“My name is Maddy,” so she says, “I watch kids for a living.” La la la lie
“I went to high school in Pennsylvania and college in Akron. I’ve traveled a lot lately but I am looking forward to staying put.
Maybe that wans’t a lie, I couldn’t tell.
“Tell me some of your strengths.” His eyes steady, honest, truthful.
“I am a very diligent worker and when I put my mind into something I am completely focused,” more like completely obsessed, at least I knew that to be true. “I also care… and am very honest…” She let her voice trail on that one.
A few hours ago I was Jenny. I woke up Jessica. Now I’m Maddy. I hardly can keep track. People see the blond hair, blue eyes and think of an angel. How long have I been running? How long have I been lying?
Waking up: one thing I am not good at. The hotel room was nice and fresh, perfect. My house will someday be so fresh and clean like this room. It was also open. The window let in a wealthy breeze that immediately calmed my body. My face relaxed and my muscles lost their usual stiff stature. I felt home.
Snapping back to the final interview, I organized my thoughts again, remembering my story. I’ve been through a couple for this particular job. The man in front of me still scribbling in his notebook. He looked up, hearing my sudden intake of breath.
“Thank you so much for considering me,” my smile took affect as his lips turned up and cheeks flushed.
“Well Miss Wilson, you seem very responsible. I think you have every reason to get this job,” he tried to sound professional again.
I said my thank yous and stood up to leave the bank. I rustled some things around in my purse, peeking through my hair at the security systems and hallways. They would never know. Two men at the desk watched me, whispering as i walked out.
My plan was simple: get the job, earn some trust, and after some time, get his box.
My heels left their hollow ecko in the lobby as I let my breath go. This job was temporary, due to two conditions: first, after the outcome of this extravaganza-whatever it may be-i will have to get far from here. And two; i cannot stay in one place for more than a month.
Ohio was always my home. The weather would never stay the same for more than one day and everything always changed, it was perfect. City folk would never consider anything big in Ohio, though they are always wrong.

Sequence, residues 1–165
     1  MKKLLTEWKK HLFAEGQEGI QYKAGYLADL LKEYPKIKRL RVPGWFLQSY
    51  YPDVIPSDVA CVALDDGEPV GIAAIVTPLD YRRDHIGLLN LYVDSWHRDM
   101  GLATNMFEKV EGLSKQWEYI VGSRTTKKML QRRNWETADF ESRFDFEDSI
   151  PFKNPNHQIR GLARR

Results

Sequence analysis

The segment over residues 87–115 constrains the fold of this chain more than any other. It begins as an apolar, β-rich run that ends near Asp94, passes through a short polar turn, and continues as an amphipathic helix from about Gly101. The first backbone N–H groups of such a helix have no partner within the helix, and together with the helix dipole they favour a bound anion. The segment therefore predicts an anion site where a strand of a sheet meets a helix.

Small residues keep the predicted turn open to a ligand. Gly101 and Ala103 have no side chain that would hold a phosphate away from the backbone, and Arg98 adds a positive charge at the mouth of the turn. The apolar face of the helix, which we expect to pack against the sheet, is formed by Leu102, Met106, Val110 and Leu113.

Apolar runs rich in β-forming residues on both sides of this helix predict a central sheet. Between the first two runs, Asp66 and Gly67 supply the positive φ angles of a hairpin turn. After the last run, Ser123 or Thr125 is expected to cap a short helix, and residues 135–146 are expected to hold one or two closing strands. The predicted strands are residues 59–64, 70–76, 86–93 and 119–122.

New York city was too different for me. I never had a problem with big cities but New York was just too big, someone was always watching. I like privacy.
Suddenly my phone rang.
“Did you get the job?” his voice breathed quietly.
“Most Likely,” I could hear him smile. “So I’ll meet you at the place.”
The phone went dead. It took about a second for two cabs to pull right in front of me. I chose the less grimy one.
I handed the driver a business card, he looked at me suspiciously but my smile softened his face. He read the card and started driving.
“So miss, you look a little flustered. Big city too much?” His Brooklyn accent was something you heard in the movies, then again, my life wasn’t much different.
“Oh no, haha. Trust me, i can handle it. But, interviews are always stressful,” I said almost too friendly. I guess I was a little flustered today. He went on to talk about how many jobs he has had, about how he doesn’t like being in one place… It doesn’t help with getting girlfriends either.
“Tell me about it,” I said almost inaudibly, we were almost there.
“What’s your name anyways?” I cringed at his improper english… Well, we all have our days.
“It’s Melissa,” I smiled in response, preparing to get out. I took a wad of cash and handed it to him. “Thank you very much…”
The air was filled with the smell of frying fish outside the open restaurant. The heated breeze carried the smell of the Atlantic filling my head. New York was only enjoyable in June.
I entered the small, but chic, square of a building, wedged between two moderately big business buildings. The market was filled with professional looking people on various laptops, black berries, or peering into a hug volume. The softness of the chatter disguised the harsh arguments under each breath, i felt as though i stuck out. I looked down at my business clothes, just to be sure.
I searched the room, surveying every face. Did he come? And there he was–of course. His shirt was a blue button down, the sleeves shoved up past his elbows with the first buttons unbuttoned. He looked so relaxed in the back compared to the rest of the people. I walked up to him, trying to make my face less anxiou.
“Hello Lacy, your looking as spectacular as always,” he said without looking up. No wonder I always change my name, Lacy was so… feminine.